Now that street urchins have apparently vanished and the gardens of New York's City Hall are spick and span, Mayor Rudolph Giuliani has turned his tastes and attention to the city's publicly funded museums. In a move that will have his critics comparing him to a Counter-Reformation pope or even Sen. Jesse Helms, Giulaini has proposed that the city's Cultural Affairs Advisory Commission should let the mayor know if any art show is, in their view, indecent. As reported by the New York Times, Giuliani said: "This is the perfect place to accomplish a mission to work out guidelines that would be sensible ones and fair ones … for what guidelines should exist in terms of should those programs defame, destroy or attack religions, ethnic groups [or racial groups]." This new campaign for decency is chiefly a response to two art shows held at the Brooklyn Museum of Art, which both offended the mayor. As Robin Cembalest, editor of ArtNews, argues, the mayor's attempts at silencing art he doesn't care for have, on more than one occasion, backfired. As for the decency movement, as Cembalest writes, "the whole thing's enough to convince artists to send 'offensive' art directly to City Hall. They'd better hurry up—Giuliani's leaving office soon."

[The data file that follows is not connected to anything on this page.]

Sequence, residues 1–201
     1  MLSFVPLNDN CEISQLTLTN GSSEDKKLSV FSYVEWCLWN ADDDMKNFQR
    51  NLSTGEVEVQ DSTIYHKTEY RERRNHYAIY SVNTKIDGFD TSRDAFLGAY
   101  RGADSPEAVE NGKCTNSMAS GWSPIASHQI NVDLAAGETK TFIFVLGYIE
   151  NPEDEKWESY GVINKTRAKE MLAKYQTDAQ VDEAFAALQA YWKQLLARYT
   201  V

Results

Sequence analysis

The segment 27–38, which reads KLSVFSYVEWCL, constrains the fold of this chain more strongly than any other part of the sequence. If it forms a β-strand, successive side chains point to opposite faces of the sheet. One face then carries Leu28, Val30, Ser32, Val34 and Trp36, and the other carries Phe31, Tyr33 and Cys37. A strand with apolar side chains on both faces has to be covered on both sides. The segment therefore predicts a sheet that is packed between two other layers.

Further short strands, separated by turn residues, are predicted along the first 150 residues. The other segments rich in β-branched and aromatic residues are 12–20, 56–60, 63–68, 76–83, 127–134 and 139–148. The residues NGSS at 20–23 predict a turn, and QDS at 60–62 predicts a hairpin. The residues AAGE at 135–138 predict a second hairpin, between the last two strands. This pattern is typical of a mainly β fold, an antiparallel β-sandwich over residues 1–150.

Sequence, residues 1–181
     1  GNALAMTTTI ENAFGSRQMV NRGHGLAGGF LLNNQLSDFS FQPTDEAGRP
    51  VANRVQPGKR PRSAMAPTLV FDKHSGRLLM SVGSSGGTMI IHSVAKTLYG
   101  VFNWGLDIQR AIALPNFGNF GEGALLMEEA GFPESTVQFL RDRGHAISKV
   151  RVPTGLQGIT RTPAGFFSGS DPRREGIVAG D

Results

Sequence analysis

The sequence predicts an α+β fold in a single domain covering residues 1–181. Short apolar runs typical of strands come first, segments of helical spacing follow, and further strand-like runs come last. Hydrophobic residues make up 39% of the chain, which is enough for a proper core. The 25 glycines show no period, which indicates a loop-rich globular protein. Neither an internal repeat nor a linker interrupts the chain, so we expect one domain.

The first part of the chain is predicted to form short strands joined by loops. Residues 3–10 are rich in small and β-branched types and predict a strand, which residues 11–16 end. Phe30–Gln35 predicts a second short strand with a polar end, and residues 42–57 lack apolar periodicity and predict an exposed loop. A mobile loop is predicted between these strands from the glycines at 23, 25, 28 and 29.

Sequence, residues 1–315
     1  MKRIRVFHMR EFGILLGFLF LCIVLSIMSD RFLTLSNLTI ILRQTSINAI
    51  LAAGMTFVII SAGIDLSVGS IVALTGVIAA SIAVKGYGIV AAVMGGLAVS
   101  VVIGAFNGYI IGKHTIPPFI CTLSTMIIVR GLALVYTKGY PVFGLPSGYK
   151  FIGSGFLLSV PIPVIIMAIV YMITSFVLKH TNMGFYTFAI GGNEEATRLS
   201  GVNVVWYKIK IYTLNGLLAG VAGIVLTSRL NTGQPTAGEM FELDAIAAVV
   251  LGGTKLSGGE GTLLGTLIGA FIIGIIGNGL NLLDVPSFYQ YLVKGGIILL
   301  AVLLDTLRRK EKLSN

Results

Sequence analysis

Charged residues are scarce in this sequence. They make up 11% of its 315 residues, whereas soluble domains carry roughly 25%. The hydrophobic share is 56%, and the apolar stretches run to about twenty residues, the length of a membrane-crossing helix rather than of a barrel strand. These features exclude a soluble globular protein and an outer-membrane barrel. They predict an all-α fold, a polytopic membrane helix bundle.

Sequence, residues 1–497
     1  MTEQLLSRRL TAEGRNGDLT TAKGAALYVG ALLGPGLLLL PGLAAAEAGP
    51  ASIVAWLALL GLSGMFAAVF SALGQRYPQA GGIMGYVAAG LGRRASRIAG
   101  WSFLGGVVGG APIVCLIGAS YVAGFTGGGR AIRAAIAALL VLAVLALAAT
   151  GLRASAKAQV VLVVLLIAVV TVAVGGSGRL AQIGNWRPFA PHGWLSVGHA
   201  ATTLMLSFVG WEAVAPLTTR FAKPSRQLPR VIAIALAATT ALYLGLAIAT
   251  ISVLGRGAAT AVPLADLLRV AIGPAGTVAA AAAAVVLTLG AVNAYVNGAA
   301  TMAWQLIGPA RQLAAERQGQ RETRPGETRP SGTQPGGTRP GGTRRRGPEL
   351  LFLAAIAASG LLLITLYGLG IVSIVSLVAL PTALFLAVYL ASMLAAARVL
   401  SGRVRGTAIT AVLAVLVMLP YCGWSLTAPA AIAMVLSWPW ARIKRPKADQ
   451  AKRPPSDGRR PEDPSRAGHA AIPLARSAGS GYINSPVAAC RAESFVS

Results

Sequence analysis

News that Ellen Fein, author of a guide to secure a perfect marriage titled The Rules, will separate from her husband has led to much Schadenfreude. Katie Roiphe, however, warns against overkill. "It's too easy to dismiss The Rules, to mock them for their earnestness and deplore them for their sexist, condescending attitude towards women. Because this silly paper-back, with pink ribbons all over its cover, obviously captured the imagination of millions of women all over the world. Five years after it first came out, I have noticed The Rules on all sorts of intelligent people's bookshelves, tucked away between The Brothers Karamazov and Zadie Smith. I have noticed smart women buying it and following its ethos." Writing about some recent books on marriage in The New Yorker, Rebecca Mead concludes "that marriage does not provide happiness (though it can often provide an environment in which to experience happiness), and that it is not an exhilarating private journey of self-discovery but a mode of living in the social world." Last year, Jane Smiley wrote about the rules of divorce. "The choice of staying or leaving," she said, "presented itself to me as a choice between suicide and mass murder."